Optimum Nutrition

What you eat (and don’t eat) impacts not only on your mood and emotional well-being, but also your behaviour, clarity of thinking and memory. Given that our brain, nervous system, neurotransmitters (chemicals that communicate mood) and body is built with and replenished by the nutrients that we take into our body, a strong connection between food and mood link probably shouldn’t come as a surprise. For example a survey conducted by the Food and Mood project found that 88 per cent of those studied reported that changing their diet improved their mental health significantly. Twenty six per cent said they had seen large improvements in mood swings, 26 per cent in panic attacks and anxiety and 24 per cent in depression. The participants said that cutting down on food 'stressors' and increasing the amount of 'supporters' they eat helped to improve their mood. Stressors were foods such as sugar (80 per cent), caffeine (79 per cent), alcohol (55 per cent) and chocolate (53 per cent). Supporters included water (80 per cent), vegetables (78 per cent), fruit (72 per cent) and oil-rich fish (52 per cent).
Healthy eating is therefore an essential part of creating mental health and emotional well-being and whilst most people know this to some degree few people will actually make a permanent change and improvement to their diets. Getting clear about why this is so, is one of the first steps to actually successfully changing and improving your diet.

The Healthy Eating Challenge

In a nut-shell we eat what we eat, due to habit. Our eating habits are old patterns of behaviour, usually starting in childhood, that are so ingrained into us, so familiar to us, that they are totally automatic. If we are stressed we turn to cakes, biscuits or chocolate. When we wake up in the morning we pour ourselves a bowl of cereal and milk. When we get to lunch time, we have a cheese sandwich and a packet of crisps. Most of us eat what we do, because we have always eaten that way. Our present food choices are based on what we did in the past. But what if what you eat (and what you fail to eat) is negatively impacting on your mood and health? What if your mood swings, depression, anxiety and poor ability to concentrate was directly linked to your diet? What if your diet is putting you at risk of Alzheimer’s disease, cancer or heart disease?
Increasing amounts of research is discovering what nutritionists, dieticians and most ancient healing systems, such as Ayurveda and Traditional Chinese Medicine have known for a long time that your thoughts, feelings and actions are intimately influenced by what you eat and drink. In fact their is now good evidence to suggest that every aspect of you – body, health, libido, appearance, behaviour, sleep, motivation, vitality, ability to concentrate and even IQ is influenced for better or for worse by your diet. Getting your diet wrong, by eating the wrong ratios and amounts of macronutrients – carbohydrates, proteins, and fats, eating foods to which you are allergic, intolerant or sensitive, or by eating foods or food components that are known to adversely affect mood – such as high-fructose corn syrup, sugar, trans-fatty acids, hydrogenated fats, additives, chemical contaminants are increasingly being recognized as a major contributor to sub-optimal emotional, physical and mental health. Depression, anxiety, autism, mood swings, ADHD and Alzheimer’s disease are just a handful of the diseases that are linked to poor nutrition.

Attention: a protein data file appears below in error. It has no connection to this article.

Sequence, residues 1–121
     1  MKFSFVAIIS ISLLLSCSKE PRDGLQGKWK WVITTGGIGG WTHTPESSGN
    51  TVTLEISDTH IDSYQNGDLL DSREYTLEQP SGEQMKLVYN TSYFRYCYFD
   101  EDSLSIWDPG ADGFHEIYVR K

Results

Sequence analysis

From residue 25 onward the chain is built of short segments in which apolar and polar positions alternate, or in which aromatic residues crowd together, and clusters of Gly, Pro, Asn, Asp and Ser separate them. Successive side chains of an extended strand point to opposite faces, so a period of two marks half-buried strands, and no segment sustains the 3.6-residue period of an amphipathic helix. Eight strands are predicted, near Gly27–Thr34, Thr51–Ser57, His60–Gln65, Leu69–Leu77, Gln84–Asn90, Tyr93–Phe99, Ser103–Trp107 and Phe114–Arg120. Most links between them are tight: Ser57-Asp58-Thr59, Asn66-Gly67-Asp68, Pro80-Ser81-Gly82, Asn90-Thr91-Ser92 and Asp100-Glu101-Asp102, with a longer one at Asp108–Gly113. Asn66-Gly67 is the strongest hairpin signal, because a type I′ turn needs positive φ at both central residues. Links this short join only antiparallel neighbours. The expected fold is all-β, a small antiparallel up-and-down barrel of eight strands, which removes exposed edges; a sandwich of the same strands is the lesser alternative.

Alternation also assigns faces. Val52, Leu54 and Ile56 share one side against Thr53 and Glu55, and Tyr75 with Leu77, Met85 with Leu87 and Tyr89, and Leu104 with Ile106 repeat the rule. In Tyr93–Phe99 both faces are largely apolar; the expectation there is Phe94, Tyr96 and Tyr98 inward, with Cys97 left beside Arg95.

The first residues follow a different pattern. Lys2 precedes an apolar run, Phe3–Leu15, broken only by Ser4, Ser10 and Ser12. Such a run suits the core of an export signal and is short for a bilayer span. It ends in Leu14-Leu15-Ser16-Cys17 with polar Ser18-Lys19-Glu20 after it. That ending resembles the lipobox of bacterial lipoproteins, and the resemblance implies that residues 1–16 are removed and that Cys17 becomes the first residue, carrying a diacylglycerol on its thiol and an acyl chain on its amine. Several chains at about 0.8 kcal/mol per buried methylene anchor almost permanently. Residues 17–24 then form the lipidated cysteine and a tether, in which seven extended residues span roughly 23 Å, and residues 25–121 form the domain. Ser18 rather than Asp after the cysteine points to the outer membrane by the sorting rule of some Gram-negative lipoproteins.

Healthy Eating

The goal of my healthy eating programme is to provide you with great tasting food that contains the optimal forms of the macronutrients discussed above, sustains your energy and mood, meets the nutritional and energy requirements of your body, helps you maintain your optimum weight, supports the process of healing and recovery from illness, reduces inflammation, prevents disease and optimises your physical, emotional and psychological potential. In a nutshell, healthy eating helps you thrive and flourish as a human being. What actually constitutes healthy eating does however depend on you. Your level of physical activity, rate of metabolism, lifestyle, life stage, nutrient and hormone levels and the presence of stress all influence what an optimum diet would be for you. What food is available, your food preferences, the financial resources that you have available and also the eating habits of your family are also relevant. Whilst I believe most people would benefit from have a tailored diet created for them by a nutritional therapist and nutritionally trained health professionals, most people in my experience will be able to create a pretty good nutrition programme using the four steps that I use with my own clients.

How to Create Your Personalised Optimum Nutrition Plan


Step 1 ------------------>             Follow these Healthy Eating Principles

Step 2 ------------------>             Eat these Foods

Step 3 ------------------>             Avoid/Limit these Foods

Step 4 ------------------>             Take Supplements to Support Your Health

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